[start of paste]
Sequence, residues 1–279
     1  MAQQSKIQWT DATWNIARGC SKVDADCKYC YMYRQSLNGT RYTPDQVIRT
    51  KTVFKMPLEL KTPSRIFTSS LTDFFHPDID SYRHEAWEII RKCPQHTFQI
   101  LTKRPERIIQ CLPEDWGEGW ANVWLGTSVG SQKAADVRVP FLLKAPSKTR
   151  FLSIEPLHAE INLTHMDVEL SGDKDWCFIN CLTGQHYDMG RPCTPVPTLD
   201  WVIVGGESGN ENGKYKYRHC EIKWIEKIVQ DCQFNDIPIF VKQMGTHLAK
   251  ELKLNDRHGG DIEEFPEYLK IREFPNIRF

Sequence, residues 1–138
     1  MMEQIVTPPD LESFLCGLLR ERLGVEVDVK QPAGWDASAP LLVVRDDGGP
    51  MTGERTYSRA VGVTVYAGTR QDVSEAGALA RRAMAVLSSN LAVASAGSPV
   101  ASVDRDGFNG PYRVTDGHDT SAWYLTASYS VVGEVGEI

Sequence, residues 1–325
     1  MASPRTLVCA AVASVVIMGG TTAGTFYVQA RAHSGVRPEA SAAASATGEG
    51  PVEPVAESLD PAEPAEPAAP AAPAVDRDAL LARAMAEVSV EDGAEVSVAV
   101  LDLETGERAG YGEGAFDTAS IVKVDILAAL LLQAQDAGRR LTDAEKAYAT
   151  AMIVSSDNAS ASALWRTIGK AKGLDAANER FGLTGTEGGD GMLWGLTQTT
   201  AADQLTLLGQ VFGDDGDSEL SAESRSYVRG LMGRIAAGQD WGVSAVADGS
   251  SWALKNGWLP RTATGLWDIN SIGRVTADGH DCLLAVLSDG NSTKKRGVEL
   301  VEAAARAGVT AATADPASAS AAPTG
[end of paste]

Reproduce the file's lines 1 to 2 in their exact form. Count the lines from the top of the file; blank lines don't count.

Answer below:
Sequence, residues 1–279
     1  MAQQSKIQWT DATWNIARGC SKVDADCKYC YMYRQSLNGT RYTPDQVIRT